Contact: Jane Doe, 555-727-3910, Janetheauthor@janedoebooks.com

Nine tips for writing op-eds that get published

ROCHESTER, NY – November 15, 2014 – Op-eds – essays that appear opposite the editorial pages of newspapers – are powerful communications tools for nonprofit organizations working to influence public policy or initiate change. But one communicator says that too many local nonprofits miss some of their best opportunities to inform readers through these opinionated essays.

“National headline news stories give nonprofits the hook their opinion pieces need to catch an editorial page editor’s attention, but nonprofits don’t always take advantage of this because they can’t react quickly enough to write and place an essay when it’s still timely,” says Jane Doe, author of Publicity for Nonprofits: Generating Media Exposure That Leads to Awareness, Growth, and Contributions (Kaplan Publishing).

Jane Doe recommends having at least one op-ed written in advance to use when a news event brings the op-ed’s topic to the public’s attention. She cites recent headlines as examples: The latest celebrity starting a family before getting married creates a news peg for pro-family organizations while a weather disaster provides a hook for groups helping businesses and individuals prepare for disasters.

Jane Doe’s book offers these nine tips for writing effective op-eds you can update according to the news story for immediate publication:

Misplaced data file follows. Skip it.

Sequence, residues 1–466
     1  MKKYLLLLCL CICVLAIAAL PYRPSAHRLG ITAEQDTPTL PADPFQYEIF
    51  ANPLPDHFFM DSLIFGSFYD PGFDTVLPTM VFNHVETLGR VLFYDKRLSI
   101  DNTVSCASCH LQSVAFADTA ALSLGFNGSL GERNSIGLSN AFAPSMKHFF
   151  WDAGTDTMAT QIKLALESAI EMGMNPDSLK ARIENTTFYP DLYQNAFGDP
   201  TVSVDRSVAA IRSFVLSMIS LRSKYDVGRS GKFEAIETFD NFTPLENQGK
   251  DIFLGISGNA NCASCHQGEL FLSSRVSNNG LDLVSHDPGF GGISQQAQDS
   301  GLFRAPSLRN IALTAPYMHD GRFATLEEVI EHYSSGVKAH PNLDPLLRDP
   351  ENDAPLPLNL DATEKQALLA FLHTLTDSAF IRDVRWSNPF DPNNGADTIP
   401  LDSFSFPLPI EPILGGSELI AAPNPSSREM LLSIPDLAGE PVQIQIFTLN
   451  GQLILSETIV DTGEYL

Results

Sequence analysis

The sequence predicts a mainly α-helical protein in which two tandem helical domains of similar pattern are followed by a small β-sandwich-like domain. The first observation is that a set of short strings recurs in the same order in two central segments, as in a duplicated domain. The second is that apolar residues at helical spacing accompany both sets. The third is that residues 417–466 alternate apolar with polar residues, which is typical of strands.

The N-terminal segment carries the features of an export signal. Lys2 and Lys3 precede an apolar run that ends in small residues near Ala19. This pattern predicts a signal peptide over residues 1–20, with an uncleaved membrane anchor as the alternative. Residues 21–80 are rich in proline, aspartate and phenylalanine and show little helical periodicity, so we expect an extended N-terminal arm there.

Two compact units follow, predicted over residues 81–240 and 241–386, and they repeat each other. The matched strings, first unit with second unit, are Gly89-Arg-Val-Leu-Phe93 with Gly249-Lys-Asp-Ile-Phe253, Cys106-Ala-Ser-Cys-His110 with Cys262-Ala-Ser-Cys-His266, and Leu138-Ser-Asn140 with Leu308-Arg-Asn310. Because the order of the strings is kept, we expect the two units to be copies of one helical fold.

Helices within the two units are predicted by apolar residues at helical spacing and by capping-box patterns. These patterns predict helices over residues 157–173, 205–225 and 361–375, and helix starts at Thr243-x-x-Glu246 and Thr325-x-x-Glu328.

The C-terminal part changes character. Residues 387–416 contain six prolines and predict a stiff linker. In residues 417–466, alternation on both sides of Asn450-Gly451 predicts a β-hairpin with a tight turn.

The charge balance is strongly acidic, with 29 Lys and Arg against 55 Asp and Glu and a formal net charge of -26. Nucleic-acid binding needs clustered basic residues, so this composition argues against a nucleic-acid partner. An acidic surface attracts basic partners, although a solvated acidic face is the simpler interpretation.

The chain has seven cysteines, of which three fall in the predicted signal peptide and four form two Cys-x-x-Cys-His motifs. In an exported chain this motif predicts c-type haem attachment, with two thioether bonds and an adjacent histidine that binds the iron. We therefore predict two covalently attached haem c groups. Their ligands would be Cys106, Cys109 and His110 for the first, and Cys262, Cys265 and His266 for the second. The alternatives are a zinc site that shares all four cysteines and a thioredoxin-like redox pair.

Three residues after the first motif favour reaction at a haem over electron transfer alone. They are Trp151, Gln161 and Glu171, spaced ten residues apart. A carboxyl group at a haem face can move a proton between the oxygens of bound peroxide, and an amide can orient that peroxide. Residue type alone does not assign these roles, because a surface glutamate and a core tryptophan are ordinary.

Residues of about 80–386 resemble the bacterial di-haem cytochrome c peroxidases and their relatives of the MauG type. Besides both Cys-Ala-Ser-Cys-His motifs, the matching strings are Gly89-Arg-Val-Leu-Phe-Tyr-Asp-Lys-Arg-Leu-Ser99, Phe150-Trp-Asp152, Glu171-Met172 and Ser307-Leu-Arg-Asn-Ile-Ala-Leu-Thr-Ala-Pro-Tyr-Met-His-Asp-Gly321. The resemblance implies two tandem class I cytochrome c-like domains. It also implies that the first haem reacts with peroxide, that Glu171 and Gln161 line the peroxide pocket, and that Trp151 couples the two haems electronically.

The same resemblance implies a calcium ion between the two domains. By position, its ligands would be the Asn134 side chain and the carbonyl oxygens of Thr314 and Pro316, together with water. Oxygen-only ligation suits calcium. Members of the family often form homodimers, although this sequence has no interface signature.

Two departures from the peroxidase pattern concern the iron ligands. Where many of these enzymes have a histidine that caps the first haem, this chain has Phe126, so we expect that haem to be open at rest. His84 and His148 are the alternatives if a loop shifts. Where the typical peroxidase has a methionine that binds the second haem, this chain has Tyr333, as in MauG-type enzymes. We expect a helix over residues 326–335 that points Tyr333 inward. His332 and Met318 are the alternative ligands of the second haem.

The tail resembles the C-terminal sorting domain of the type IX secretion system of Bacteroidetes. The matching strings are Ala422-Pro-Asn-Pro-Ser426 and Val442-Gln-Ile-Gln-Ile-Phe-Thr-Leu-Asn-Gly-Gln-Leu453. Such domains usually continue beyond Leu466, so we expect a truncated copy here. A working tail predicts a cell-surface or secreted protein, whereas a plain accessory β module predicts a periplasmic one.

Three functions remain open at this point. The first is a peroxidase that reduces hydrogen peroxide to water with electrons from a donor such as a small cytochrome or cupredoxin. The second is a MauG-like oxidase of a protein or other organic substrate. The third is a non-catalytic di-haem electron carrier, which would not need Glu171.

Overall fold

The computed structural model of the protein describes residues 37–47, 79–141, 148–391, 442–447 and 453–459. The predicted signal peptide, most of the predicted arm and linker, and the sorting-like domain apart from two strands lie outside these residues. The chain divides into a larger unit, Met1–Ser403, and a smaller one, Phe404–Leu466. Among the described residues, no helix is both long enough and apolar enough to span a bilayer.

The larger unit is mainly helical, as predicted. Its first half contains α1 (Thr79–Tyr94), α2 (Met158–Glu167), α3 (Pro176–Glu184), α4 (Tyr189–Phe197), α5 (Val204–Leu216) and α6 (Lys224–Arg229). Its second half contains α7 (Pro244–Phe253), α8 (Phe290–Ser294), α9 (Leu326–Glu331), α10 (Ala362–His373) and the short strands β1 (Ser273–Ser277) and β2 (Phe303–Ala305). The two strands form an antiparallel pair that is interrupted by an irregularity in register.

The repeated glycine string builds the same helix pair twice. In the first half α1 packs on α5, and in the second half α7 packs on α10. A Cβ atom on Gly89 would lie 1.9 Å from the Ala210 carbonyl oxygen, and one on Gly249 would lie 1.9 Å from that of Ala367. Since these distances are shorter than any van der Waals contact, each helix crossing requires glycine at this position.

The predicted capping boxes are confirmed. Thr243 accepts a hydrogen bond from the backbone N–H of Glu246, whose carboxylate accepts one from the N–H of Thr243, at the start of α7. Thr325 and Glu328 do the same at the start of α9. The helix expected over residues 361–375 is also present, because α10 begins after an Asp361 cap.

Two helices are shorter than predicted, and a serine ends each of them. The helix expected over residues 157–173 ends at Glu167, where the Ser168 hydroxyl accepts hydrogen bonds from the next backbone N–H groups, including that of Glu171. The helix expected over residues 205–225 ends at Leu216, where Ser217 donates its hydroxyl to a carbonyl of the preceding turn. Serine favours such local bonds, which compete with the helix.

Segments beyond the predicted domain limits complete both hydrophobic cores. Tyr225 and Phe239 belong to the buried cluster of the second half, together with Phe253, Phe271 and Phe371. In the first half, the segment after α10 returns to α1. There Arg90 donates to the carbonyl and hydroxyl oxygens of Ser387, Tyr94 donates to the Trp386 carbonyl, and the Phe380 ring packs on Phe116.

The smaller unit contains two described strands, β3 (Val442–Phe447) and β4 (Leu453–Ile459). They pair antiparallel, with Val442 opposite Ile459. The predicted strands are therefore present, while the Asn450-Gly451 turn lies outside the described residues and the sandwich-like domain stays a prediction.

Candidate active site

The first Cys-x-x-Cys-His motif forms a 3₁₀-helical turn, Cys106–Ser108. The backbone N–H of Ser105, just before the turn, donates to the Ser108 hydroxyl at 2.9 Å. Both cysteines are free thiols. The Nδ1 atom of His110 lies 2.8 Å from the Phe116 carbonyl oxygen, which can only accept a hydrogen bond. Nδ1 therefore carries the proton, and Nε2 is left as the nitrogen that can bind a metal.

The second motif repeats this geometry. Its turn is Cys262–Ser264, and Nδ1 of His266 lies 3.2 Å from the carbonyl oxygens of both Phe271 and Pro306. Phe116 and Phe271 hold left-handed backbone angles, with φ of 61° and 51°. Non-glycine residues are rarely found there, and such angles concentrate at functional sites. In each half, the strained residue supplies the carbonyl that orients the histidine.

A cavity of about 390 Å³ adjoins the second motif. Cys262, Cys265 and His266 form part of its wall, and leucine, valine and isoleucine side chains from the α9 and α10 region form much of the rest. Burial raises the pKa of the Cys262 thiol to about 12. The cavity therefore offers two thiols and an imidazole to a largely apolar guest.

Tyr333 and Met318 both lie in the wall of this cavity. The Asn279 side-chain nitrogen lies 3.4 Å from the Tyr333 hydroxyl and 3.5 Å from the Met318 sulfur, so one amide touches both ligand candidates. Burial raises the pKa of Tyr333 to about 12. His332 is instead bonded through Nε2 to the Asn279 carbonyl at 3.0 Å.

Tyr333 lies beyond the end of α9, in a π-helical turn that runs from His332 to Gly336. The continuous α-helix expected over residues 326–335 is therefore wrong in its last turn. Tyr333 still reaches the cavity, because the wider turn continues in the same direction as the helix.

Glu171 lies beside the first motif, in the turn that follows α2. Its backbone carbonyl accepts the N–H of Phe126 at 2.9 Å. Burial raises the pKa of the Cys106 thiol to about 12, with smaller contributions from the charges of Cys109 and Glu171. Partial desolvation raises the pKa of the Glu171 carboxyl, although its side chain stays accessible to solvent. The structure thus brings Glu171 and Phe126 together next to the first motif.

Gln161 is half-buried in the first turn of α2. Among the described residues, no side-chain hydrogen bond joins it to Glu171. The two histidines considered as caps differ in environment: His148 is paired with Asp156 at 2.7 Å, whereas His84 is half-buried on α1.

· Introduce yourself to your newspaper’s op-ed page editor by telephone or e-mail and request the publication’s op-ed guidelines. Then follow them.

· Determine your goal. What do you want to achieve through your op-ed? Do you want people to behave differently or take a specific action? Keep this goal in mind as you write.

· Select one message to communicate. Op-eds are short – typically no more than 800 words – so you have room to make just one good point.

· Be controversial. Editors like essays with strong opinions that will spark conversation.

· Illustrate how the topic or issue affects readers. Put a face on the issue by starting your essay with the story of somebody who has been affected or begin with an attention-getting statistic.

· Describe the problem and why it exists. This is often where you can address the opposing viewpoint and explain your group’s perspective.

· Offer your solution to the problem and explain why it’s the best option.

· Conclude on a strong note by repeating your message or stating a call to action.

· Add one or two sentences at the end that describe your credentials as they relate to the topic.

“With this approach, when your issue is suddenly making headlines, you can write an introduction that connects the news to your essay and e-mail it to the editor quickly,” adds Miss Doe.

Publicity for Nonprofits: Generating Media Exposure that Leads to Awareness, Growth, and Contributions is available at neighborhood and online booksellers or by calling 800-245-BOOK. For more information, go to http://www.nonprofitpublicity.com.

  • Simply substitute in your details, quotes, resources, and information and there you go!

Useful hints to remember when creating your tip sheet: